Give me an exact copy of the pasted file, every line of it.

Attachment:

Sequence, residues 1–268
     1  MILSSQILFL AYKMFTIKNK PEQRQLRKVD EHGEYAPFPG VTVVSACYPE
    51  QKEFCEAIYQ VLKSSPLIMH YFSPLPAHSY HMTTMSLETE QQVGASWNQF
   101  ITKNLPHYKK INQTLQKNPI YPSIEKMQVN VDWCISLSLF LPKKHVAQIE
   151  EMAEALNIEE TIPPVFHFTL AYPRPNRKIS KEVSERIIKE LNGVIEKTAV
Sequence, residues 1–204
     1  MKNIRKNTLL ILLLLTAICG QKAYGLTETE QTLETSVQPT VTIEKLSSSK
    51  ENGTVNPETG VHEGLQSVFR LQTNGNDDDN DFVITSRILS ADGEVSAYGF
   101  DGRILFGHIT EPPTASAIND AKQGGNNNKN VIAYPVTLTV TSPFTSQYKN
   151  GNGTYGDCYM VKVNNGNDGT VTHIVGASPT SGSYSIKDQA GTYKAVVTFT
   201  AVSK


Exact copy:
Sequence, residues 1–268
     1  MILSSQILFL AYKMFTIKNK PEQRQLRKVD EHGEYAPFPG VTVVSACYPE
    51  QKEFCEAIYQ VLKSSPLIMH YFSPLPAHSY HMTTMSLETE QQVGASWNQF
   101  ITKNLPHYKK INQTLQKNPI YPSIEKMQVN VDWCISLSLF LPKKHVAQIE
   151  EMAEALNIEE TIPPVFHFTL AYPRPNRKIS KEVSERIIKE LNGVIEKTAV
Sequence, residues 1–204
     1  MKNIRKNTLL ILLLLTAICG QKAYGLTETE QTLETSVQPT VTIEKLSSSK
    51  ENGTVNPETG VHEGLQSVFR LQTNGNDDDN DFVITSRILS ADGEVSAYGF
   101  DGRILFGHIT EPPTASAIND AKQGGNNNKN VIAYPVTLTV TSPFTSQYKN
   151  GNGTYGDCYM VKVNNGNDGT VTHIVGASPT SGSYSIKDQA GTYKAVVTFT
   201  AVSK